Test your love
I read your review of Splatoon 3 with much interest. I adore Splatoon but like many was concerned about what a new entry would add. So a question for you, which I imagine you could probably answer, would you still nonetheless recommend Spatoon 3 to someone who loves and has played Splatoon 2 to death? It sounds from reading your review that I may as well stick with its predecessor and save myself the money.
The one thing that would’ve clinched it for me, which is fairly minor change, is the option to choose battle modes and arenas rather than have to play whatever is in rotation. That doesn’t seem to be the case here.
And while here, how are people finding the ‘unfair’ mode in Into the Breach? It’s a challenge for sure but starting with a fully levelled up pilot, and without all the new features, I can win the game probably around 50% of the time. On hard mode, every time and sometimes without losing a single city or bonus objective. It goes to show one thing, not that I’m exceptionally good at this game but exceptionally addicted to playing it.
GC: If you love the series, then yes. But then again, if you like it that much we wouldn’t have thought you’d need to ask.
Will you be reviewing F1 Manager 2022?
I’m a bit F1 fan, love the Motorsport Manager games (PC and mobile) and even had MicroProse Grand Prix Manager back in the day, so I want to know if this game will scratch an itch!
GC: No, we don’t have anyone that knows that much about F1. It’s been mentioned a few times by readers in the Inbox though, all of whom seemed to like it.
Jim Ryan’s comments about Call Of Duty exclusivity and dissatisfaction with Phil Spencer’s proposal I find hypocritical at best. Let’s be real, if PlayStation was acquiring Activision I find it extremely hard to believe they would allow key franchises onto other platforms, you only have to consider their past form. Whether it’s acquiring other studios or keeping IP like Spider-Man away from their rivals, I find it a bit rich to complain. It’s kind of absurd to consider Microsoft is willing to spend 69 billion dollars and yet have to make such concessions.
Taking away Call Of Duty is only one game and in no way a monopoly. The simple answer is for Sony to make a game of their own which equals or betters what Call Of Duty offers.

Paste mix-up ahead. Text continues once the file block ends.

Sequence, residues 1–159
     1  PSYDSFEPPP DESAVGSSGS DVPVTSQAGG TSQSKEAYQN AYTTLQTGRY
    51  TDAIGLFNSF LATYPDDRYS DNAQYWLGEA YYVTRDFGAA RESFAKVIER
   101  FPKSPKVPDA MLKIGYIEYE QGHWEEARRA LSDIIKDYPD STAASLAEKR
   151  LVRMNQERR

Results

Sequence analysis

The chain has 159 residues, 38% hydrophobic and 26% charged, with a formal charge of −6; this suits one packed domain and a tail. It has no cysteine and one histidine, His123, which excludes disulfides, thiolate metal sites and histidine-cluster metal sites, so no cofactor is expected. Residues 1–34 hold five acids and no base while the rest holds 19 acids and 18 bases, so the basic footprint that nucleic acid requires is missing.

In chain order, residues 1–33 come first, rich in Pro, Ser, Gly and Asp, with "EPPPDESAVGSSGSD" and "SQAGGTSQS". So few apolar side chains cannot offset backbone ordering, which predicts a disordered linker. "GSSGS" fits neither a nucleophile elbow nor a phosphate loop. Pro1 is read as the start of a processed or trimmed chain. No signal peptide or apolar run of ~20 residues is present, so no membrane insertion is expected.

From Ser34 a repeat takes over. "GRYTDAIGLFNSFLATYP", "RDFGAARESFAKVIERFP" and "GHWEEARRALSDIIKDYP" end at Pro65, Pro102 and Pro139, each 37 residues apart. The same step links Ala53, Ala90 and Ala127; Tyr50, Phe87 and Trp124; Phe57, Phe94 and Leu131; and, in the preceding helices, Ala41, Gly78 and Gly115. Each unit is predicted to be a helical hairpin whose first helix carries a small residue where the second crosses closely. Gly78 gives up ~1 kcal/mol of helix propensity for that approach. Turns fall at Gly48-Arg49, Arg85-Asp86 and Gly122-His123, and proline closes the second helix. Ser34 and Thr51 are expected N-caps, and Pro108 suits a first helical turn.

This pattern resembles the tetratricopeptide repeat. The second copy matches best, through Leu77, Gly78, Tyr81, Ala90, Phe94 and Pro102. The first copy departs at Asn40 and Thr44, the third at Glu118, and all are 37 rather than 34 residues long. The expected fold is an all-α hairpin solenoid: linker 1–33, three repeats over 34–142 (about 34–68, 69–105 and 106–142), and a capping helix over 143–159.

I find the pushback, particularly from the UK CMA, very lop-sided in favour of Sony. The concerns from the CMA used words that seemed to come from Jim Ryan himself. PlayStation is the market leader, has the confidence to raise their game and console prices, yet somehow they are playing the victim. When they tie-up third party deals for games like Street Fighter nobody bats an eyelid.
Let’s not forget Microsoft has committed to delivering Call Of Duty to PlayStation for ‘several years’. If they can’t develop their own rival in that time, that’s on them. Nintendo hasn’t had a Call Of Duty game on their platform for many years, yet the Switch remains the best-selling console in most regions. I think it’s a very weak argument when you consider Call Of Duty only affects PlayStation and not the other players in the gaming industry.
I don’t think Phil Spencer is averse to putting Call Of Duty on other platforms and has made his intentions clear. In fact, once Switch 2 eventually arrives, I wouldn’t be surprised at all if we see Call Of Duty on a Nintendo console once again. The way Sony are acting though, they may just seal their own fate if they continue with this entitled attitude.
GC: If the situation were reversed people would be criticising Sony and Jim Ryan. Which companies are involved doesn’t change the nature of the concerns. Also, Microsoft’s ‘several years’ have turned out to be just three.
So we’re not going to learn anything more about Star Wars Jedi: Survivor until The Game Awards in December, are we? I really want to know who’s in that tank!
Is anyone else just finding The Last Of Us Part 1 too depressing? I’ve played it before, so I know the story, but I think the last few years have been so grim the last thing I want is a game simulating it getting even worse. Where’s my copy of Super Mario Odyssey?
This week’s Hot Topic
The subject for this weekend’s Inbox was suggested by reader Dennis, who asks what retro video game has aged the best?
Retro gaming is big business nowadays but so are remasters and remakes, that aim to make older games more palatable to modern audiences, but which game do you feel holds up the best and is still as playable now as it always was?
How well do the graphics hold up and why do you think they have lasted better than other contemporaries? Do you still play the game in its original form and if there was a remaster or remake what would you change?
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The small print
New Inbox updates appear every weekday morning, with special Hot Topic Inboxes at the weekend. Readers’ letters are used on merit and may be edited for length and content.
You can also submit your own 500 to 600-word Reader’s Feature at any time via email or our Submit Stuff page, which if used will be shown in the next available weekend slot.